Friday, May 25, 2012

1965 Vanden Plas Princess 4 Litre R

I wrote about one of these almost 3 years ago. I haven't seen another one come up for sale since. For the sake of time - and because there really isn't anything new to add - I'm going to copy what I wrote in the earlier Vanden Plas post ...

During the late fifties and early sixties, Rolls Royce and BMC discussed some joint projects. One involved a smaller, less expensive Bentley. That idea was ultimately scrapped, but it was the seed for the Vanden Plas Princess 4 Litre R.

The Pinninfarina styled Vanden Plas Princess line had been around since 1959. In 1964 the body got a slight restyle. The tail fins were eliminated, giving the back end an almost Mercedes or Lancia look. (Depending on what angle you looked at it.) The front end remained very similar to the earlier cars. (The nose was later copied by Volvo for their 164) The biggest change in 1964 was the addition of the letter "R" to the name. That "R" meant that there was now a Rolls Royce engine under the hood (bonnet).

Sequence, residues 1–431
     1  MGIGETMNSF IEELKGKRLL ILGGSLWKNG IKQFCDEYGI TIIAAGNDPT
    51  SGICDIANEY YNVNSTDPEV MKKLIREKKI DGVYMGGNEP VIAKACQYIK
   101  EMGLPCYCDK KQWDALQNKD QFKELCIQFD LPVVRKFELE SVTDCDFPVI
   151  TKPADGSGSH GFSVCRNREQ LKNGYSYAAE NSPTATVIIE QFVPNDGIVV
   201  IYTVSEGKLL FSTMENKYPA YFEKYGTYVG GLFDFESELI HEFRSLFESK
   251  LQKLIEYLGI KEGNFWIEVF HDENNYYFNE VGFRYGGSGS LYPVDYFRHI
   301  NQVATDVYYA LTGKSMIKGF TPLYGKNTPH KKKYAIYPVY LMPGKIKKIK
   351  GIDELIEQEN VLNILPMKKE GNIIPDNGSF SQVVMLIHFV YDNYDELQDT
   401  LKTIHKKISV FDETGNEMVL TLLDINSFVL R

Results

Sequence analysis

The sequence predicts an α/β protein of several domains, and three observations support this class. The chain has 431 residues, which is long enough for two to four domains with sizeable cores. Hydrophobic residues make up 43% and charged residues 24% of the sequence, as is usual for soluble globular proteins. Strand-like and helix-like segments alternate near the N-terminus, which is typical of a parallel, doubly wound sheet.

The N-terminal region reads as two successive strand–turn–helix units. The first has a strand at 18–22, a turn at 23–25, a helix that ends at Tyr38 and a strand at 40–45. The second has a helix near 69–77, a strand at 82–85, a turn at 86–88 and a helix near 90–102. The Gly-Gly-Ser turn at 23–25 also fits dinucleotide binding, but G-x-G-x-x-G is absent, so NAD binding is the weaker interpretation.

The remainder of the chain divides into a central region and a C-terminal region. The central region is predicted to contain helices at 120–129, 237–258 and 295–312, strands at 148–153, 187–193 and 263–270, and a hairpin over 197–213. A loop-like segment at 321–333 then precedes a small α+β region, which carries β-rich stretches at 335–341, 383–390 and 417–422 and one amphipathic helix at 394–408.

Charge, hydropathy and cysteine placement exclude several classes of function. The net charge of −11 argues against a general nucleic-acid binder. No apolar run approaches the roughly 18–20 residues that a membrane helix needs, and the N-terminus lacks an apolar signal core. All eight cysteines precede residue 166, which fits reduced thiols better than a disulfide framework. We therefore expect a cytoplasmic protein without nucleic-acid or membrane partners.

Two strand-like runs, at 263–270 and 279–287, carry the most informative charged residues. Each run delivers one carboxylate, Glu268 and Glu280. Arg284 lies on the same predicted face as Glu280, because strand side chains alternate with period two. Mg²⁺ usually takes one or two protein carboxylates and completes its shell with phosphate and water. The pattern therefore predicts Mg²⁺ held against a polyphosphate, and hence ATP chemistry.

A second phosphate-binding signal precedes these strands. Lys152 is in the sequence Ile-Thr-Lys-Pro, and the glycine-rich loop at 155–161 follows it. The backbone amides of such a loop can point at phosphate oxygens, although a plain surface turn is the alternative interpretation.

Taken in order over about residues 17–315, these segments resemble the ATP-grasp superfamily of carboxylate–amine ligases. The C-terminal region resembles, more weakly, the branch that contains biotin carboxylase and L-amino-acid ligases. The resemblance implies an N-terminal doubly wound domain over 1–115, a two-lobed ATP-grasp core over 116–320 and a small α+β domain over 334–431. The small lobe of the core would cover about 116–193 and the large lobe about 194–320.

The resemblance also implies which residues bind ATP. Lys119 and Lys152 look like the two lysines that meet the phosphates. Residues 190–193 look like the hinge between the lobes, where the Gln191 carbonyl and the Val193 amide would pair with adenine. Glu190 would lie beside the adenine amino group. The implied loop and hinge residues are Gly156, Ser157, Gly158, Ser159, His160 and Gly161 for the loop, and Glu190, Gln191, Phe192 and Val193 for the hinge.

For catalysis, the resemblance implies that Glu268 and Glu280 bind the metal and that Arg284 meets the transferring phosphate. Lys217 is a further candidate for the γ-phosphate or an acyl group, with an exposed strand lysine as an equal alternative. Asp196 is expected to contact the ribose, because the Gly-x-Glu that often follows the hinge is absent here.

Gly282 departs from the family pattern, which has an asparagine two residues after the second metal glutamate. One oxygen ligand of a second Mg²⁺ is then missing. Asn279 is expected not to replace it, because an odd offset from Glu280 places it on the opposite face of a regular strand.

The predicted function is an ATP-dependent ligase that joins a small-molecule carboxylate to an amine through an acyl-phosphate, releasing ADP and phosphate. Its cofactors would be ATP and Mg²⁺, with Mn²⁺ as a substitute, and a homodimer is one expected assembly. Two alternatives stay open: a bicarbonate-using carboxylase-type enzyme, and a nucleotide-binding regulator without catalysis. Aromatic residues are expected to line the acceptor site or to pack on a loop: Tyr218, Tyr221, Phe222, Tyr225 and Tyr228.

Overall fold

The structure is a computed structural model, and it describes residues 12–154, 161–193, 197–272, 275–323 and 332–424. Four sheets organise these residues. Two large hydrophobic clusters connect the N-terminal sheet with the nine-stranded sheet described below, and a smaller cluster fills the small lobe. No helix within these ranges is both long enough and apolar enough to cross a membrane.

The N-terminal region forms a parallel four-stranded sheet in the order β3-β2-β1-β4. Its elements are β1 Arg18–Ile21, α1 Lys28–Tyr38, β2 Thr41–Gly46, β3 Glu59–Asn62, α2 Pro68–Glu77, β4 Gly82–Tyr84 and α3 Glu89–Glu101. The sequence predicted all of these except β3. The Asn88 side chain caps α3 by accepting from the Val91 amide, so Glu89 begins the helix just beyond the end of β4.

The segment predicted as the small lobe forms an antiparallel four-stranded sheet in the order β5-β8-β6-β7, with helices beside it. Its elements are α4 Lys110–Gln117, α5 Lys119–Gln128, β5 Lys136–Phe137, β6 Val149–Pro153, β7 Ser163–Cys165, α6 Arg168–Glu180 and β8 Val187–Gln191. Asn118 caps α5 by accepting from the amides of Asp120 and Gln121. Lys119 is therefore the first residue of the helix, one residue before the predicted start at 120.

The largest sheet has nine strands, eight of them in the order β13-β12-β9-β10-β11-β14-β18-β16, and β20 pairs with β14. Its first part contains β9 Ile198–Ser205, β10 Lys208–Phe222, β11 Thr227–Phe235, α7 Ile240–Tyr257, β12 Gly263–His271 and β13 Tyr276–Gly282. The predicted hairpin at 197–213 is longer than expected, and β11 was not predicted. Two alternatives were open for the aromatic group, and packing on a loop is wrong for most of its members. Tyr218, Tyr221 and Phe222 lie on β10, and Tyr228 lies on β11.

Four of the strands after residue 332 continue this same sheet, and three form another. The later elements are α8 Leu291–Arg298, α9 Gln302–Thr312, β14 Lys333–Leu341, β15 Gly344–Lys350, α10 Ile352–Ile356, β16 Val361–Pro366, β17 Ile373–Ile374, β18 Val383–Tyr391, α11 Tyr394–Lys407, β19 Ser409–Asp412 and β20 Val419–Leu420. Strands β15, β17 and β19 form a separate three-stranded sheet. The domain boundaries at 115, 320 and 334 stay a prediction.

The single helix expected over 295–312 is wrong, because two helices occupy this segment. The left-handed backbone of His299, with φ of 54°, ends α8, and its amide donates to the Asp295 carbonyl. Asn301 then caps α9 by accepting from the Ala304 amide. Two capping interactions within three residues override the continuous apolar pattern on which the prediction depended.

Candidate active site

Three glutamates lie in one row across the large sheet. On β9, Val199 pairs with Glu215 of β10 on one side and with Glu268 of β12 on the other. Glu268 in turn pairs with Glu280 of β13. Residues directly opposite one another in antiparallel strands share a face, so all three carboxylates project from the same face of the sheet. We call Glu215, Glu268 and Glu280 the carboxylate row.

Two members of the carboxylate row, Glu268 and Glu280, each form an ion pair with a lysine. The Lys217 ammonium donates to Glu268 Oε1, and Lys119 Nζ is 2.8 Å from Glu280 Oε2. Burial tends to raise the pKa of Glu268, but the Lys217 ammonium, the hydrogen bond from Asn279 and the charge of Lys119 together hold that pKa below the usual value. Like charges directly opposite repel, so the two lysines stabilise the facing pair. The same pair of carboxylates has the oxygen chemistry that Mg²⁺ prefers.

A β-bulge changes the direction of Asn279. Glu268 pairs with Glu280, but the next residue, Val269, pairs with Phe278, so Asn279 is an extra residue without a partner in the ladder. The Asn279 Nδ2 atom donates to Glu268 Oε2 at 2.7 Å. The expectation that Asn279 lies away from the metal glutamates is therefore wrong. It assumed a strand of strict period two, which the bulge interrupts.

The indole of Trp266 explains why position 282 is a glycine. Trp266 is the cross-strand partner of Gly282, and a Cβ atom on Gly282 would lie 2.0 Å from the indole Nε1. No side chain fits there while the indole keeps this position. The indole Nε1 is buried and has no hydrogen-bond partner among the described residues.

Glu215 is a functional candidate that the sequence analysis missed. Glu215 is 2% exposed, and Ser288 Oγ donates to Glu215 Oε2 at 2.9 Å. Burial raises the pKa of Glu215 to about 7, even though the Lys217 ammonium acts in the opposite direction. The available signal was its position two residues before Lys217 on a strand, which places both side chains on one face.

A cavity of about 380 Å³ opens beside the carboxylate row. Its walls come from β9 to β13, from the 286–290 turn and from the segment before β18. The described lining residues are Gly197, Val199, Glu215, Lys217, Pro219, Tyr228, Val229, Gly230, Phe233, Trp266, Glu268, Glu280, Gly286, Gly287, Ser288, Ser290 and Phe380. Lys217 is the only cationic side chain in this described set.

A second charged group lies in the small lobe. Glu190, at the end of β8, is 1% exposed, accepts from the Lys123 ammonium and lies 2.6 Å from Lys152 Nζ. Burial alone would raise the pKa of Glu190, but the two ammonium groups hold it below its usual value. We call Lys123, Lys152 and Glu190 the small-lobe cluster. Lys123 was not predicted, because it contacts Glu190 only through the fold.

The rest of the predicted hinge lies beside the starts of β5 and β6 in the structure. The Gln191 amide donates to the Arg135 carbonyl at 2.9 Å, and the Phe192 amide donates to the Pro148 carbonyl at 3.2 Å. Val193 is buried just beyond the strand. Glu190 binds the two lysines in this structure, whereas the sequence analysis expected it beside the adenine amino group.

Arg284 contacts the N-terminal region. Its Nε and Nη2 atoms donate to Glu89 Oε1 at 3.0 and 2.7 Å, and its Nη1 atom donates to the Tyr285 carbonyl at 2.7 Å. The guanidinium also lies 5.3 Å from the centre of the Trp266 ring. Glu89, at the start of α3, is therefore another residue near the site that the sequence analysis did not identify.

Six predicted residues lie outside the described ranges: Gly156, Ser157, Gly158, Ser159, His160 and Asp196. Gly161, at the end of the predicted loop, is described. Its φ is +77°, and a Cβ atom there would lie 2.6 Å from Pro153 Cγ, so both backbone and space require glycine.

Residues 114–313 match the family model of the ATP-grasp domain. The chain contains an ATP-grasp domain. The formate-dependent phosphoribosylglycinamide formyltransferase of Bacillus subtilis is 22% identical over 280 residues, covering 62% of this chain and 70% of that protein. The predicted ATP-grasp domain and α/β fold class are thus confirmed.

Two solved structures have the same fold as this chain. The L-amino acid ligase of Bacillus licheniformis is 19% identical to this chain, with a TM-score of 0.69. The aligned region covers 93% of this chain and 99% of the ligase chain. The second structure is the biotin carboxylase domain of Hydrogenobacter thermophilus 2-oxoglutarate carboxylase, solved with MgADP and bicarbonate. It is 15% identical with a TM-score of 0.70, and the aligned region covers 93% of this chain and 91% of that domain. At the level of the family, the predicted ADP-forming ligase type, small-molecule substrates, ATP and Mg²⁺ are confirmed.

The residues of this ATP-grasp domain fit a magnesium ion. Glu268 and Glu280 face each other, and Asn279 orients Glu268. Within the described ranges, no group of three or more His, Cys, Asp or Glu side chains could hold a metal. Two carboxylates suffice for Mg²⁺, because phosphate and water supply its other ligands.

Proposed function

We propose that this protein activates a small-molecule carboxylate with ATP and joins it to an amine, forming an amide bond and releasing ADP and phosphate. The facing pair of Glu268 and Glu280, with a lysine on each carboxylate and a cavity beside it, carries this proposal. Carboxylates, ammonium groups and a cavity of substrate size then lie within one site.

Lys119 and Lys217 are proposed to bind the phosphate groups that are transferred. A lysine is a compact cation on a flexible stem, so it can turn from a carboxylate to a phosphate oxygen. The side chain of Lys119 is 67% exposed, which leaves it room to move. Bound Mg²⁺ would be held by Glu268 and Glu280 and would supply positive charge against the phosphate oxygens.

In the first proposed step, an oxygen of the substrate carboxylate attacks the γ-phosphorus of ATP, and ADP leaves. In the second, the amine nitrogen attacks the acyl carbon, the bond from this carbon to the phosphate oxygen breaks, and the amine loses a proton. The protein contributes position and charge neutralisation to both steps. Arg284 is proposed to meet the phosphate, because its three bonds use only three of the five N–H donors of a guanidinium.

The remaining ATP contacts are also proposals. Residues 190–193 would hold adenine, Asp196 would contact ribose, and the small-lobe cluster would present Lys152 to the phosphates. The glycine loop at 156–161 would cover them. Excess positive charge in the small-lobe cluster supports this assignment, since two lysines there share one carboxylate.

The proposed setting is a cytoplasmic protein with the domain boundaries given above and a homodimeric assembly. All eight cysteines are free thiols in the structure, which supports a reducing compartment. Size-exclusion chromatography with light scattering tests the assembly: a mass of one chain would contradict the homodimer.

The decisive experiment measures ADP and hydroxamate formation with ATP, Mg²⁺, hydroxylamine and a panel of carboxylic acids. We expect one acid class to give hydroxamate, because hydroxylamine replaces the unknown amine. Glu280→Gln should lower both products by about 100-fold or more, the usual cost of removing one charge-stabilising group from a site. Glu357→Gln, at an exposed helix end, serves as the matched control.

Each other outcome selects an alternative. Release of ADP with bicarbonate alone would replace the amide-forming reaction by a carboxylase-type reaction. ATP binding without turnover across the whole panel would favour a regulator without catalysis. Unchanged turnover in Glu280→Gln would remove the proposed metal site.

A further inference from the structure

The 4 liter Rolls Royce engine gave the car some decent power and, like all Rolls Royce engines, was smooth running and quiet.

The interior of the Vanden Plas Princess 4 Litre R featured everything you'd expect in a 60s British luxury car, including "picnic" tables.

There were around 7000 of these cars made between 1964 and 1968.

This car needs restoration, but it has a lot going for it. It runs and it's not missing many pieces. That's huge when you're talking about a rare RR engine and a limited production car.

The seller says it has "no major rust", although it looks like it has a lot of surface rust. It needs a gas tank and a muffler, which may indicate that it's rusty underneath.

This would be a very nice car to see restored and at car shows.

Located in San Diego, CA, click here to see the eBay listing.


Graham Clayton said...

The only time that Rolls-Royce allowed one of their engines to be used by another manufacturer.

8E45E said...

Not true. International Harvester used RR engines in their big rigs, as did a number of big truck manufacturers.

Graham Clayton said...

I meant passenger vehicles.